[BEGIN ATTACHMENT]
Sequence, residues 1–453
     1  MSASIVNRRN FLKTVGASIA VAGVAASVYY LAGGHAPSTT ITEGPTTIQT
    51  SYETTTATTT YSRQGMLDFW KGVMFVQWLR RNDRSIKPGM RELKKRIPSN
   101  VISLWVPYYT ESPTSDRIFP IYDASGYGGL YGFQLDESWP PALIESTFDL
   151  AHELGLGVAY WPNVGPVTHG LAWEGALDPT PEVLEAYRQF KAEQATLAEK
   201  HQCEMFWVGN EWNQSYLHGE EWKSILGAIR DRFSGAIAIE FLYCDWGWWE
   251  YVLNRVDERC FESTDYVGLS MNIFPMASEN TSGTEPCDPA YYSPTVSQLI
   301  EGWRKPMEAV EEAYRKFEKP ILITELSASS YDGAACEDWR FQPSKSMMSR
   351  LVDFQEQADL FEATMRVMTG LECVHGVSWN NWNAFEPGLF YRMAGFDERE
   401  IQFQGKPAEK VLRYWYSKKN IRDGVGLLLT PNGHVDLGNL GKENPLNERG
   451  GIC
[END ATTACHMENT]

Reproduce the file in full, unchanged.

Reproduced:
Sequence, residues 1–453
     1  MSASIVNRRN FLKTVGASIA VAGVAASVYY LAGGHAPSTT ITEGPTTIQT
    51  SYETTTATTT YSRQGMLDFW KGVMFVQWLR RNDRSIKPGM RELKKRIPSN
   101  VISLWVPYYT ESPTSDRIFP IYDASGYGGL YGFQLDESWP PALIESTFDL
   151  AHELGLGVAY WPNVGPVTHG LAWEGALDPT PEVLEAYRQF KAEQATLAEK
   201  HQCEMFWVGN EWNQSYLHGE EWKSILGAIR DRFSGAIAIE FLYCDWGWWE
   251  YVLNRVDERC FESTDYVGLS MNIFPMASEN TSGTEPCDPA YYSPTVSQLI
   301  EGWRKPMEAV EEAYRKFEKP ILITELSASS YDGAACEDWR FQPSKSMMSR
   351  LVDFQEQADL FEATMRVMTG LECVHGVSWN NWNAFEPGLF YRMAGFDERE
   401  IQFQGKPAEK VLRYWYSKKN IRDGVGLLLT PNGHVDLGNL GKENPLNERG
   451  GIC